The Good, The Bad, and the Ugly

For years now, I’ve been wanting to run in one of the Charlotte Track and Tri club’s track meets.  But life always got in the way – either I wasn’t in any kind of shape to run a track meet, or I was out of town, or my schedule didn’t allow it, etc.  Tuesday, all the stars properly aligned and I finally got the chance to run in my first track meet in years. 

I ran in 3 events at the meet and the outcomes reminded me of the famous Sergio Leone film.  So today I steal the title, um, pay homage to the director by utilizing the title, of one his classic Spaghetti Westerns.  Queue the Ennio Marcone sound track.   Here’s how it all went down:

The Good 

Things heated up as evidenced by this photo I took on my way to the meet:

I wasn’t really sure what to expect.  After all, this was the first track meet I’d run in forever.  I was excited and nervous.

Many of the  fast CRC  usual suspects were already warming up as I made my way down to the track – Jordan Kinley, Chad Crockford, Bobby Aswell, Stan Austin, etc.  Théoden strolled up about the same time I did.  Before we began our own warm-up, we chatted with our various friends.  I told Chad, ‘Uh-oh, I can’t find the obvious mark’ and he replied, ‘What do you mean?’  I said, ‘The mark – the guy that comes in last.  And you know what they say, “If you can’t find the mark, chances are good you are the mark!”  I had the feeling I’d be battling to avoid last place in my various heats.  I was right.

Before we lined up for the mile, I asked Jordan, ‘Hey man, what’s the plan tonight, sub-4:00?’  I was only half joking – I heard he ran 4:20 the week before.  Jordan said he wasn’t racing so I relaxed a little – I thought, ‘Okay, that’s good.  I shouldn’t get lapped in the mile.’ 

Just before the start of the mile (actually, the 1600), 30 or so of us lined up as we received a few instructions from the starter.  Then we took off.  I tried to hang with a couple of guys, namely Bobby and Stan, that I knew were faster than me, but not so much so that I shouldn’t be able to stay within a reasonable distance.  I wasn’t sure how to pace in a mile these days and I’ve witnessed Bobby maintain a steady pace in many a race.  It seemed as good a strategy as any. 

I eased right into the middle of the pack and tried to get comfortable – this is not an easy thing to do when racing in 90+ degree heat.  But I managed.

I felt fine, not great.  I tried to save something for the final turn, and I’m glad I did because  Tim Rhodes,  owner of  Run For Your Life , snuck by me in the final turn and said, ‘Come on’.  So I did.  We sprinted down the final straightaway and I just eased ahead of him at the line.  And while my 5:30 time won’t get me into the Olympic Trials, I was okay with it.

The Bad 

Next up, the 400.  This one was going to be run in lanes and everyone lining up looked fast.  This was the first time since 1995 (I’d run some all-comers meet in Durham) that I’d be racing in spikes and I had very little idea of how fast I could go.  I hoped I might break 60.  If I did, I might post on  Timothy Budic’s blog to get added to his 400 meter challenge list.  But I hadn’t run a ‘real’ all-out 400 (I don’t think you can count the CRC Cinco De Mayo race) since, well, the 1980’s.  I don’t think most of the guys I was racing were even born the last time I raced in a 400.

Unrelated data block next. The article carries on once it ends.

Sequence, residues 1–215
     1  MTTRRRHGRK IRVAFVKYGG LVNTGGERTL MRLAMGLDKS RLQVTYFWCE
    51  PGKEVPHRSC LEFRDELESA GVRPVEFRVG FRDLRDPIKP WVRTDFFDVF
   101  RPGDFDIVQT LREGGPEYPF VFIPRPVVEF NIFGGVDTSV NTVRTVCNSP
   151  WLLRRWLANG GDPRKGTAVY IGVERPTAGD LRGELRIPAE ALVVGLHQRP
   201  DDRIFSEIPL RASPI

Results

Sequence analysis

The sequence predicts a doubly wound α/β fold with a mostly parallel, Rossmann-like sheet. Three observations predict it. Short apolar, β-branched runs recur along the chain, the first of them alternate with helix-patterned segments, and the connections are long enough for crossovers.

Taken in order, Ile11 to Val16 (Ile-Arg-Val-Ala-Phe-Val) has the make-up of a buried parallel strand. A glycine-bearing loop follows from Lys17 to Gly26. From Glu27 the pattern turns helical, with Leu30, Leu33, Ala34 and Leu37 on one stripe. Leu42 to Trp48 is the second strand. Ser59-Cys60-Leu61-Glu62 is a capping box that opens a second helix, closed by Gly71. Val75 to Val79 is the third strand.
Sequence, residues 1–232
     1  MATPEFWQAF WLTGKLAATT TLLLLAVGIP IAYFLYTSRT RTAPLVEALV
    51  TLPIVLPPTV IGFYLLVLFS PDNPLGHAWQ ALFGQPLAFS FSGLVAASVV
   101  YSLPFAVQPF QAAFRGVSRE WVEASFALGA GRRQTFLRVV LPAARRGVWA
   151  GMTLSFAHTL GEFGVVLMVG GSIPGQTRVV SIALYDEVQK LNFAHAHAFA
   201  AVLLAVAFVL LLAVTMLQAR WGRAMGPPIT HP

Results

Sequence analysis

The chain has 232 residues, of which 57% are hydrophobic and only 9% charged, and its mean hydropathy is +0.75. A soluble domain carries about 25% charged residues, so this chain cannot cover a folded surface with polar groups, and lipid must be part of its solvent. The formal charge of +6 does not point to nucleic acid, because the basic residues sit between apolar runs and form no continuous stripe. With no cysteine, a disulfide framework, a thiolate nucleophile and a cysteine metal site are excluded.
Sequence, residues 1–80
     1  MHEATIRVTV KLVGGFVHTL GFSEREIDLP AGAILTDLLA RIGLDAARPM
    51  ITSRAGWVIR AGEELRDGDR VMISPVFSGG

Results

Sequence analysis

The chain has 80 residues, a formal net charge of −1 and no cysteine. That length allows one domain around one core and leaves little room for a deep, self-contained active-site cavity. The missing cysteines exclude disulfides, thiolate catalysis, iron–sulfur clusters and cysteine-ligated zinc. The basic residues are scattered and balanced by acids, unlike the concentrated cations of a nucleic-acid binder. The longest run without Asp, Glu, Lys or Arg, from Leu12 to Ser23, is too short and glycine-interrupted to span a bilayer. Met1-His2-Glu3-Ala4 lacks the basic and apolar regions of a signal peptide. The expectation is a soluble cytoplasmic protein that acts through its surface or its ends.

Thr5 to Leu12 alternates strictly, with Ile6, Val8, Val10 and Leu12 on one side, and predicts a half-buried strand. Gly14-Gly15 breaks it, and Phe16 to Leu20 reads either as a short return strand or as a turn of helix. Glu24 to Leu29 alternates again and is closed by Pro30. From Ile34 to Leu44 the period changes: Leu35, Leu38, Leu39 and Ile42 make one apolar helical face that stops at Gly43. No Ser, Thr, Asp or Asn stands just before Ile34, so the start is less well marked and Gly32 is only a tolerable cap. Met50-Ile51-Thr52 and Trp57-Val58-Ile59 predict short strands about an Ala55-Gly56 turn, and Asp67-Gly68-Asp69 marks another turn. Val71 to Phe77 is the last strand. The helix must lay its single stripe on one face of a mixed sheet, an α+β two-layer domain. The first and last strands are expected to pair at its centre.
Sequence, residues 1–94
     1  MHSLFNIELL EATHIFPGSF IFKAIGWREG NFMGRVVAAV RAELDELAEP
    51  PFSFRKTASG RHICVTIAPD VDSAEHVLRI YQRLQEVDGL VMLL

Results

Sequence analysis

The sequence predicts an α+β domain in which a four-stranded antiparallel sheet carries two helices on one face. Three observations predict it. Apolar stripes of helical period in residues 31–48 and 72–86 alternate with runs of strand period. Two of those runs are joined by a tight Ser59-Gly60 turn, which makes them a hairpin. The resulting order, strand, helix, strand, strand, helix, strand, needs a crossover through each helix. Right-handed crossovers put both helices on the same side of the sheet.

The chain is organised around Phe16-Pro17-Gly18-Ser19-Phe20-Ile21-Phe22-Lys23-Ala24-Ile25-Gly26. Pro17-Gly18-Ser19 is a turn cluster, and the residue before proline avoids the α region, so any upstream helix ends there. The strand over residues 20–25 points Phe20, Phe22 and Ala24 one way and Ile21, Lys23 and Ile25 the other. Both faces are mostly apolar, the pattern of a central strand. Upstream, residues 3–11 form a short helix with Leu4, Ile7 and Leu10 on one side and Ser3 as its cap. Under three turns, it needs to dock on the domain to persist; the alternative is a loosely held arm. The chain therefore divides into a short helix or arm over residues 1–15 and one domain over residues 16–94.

I lined up in lane 7 and moments later the starting gun, or air horn, fired.  I bolted.  There was a guy in lane 8 and I somehow managed to catch and pass him on the backstretch.  But everyone else caught and passed me.  My final time – 65.  Ouch.  Not exactly going to email my old Carolina teammates and brag about my time. 

The Ugly

The final event of the night was the 2-mile (3200 meters).  My goal: don’t get lapped.  Paul was running this one and I guessed he might go 10:15 or so.  I asked Bobby, ‘If Paul runs about a 10:15, what do you think I’d need to run to avoid getting lapped?  You think 12:00 would do it?’  Bobby’s answer, ‘Hm, I don’t know – that might be close.’  I was worried.

The horn fired and I planned on using my tried-and-true ‘keep Bobby in sight’ strategy while the leaders sprinted out to an early and very commanding lead.  When I rounded the second turn and looked up to see the leaders already nearing the third turn, I knew I was going to get lapped.  To borrow a line from Family Guy, “It’s like a date with Kobe.  You can fight it all you want, but it’s going to happen”. 

Employing my 'just try to stay close to Bobby' strategy.

I quickly formulated a new strategy – don’t let anyone lap you twice.  And no one did.  But it was close.  Talking with Paul afterwards, I found out he ran a blazing 9:55.  And lost!  Apparently, some kid from the Appalachian State track team outkicked him.

I finished in 12:43, the first time I’d ever raced a 3200 and run slower than 11-something.  It was also the first time I’d ever been lapped. 

It’s time to let go of my track times from the 80’s.  If I get back to the current century, I’ve actually improved.  To help resurrect my dying ego, I went back and read about some of my times from a track workout in January.  At that time, I was considering it successful to run sub-7:00’s.

All in all, I had a blast at the meet.  It was brutally hot and I had to battle to avoid coming in last, but I didn’t mind.  It felt incredibly good to experience a track meet again.  I didn’t care in the least about the bad and the ugly.


One Response to “The Good, The Bad, and the Ugly”

  1. meagan Says:

    allen, i laughed out loud several times while reading this. great recap. oh and if it makes you feel any better, i get lapped all the time.

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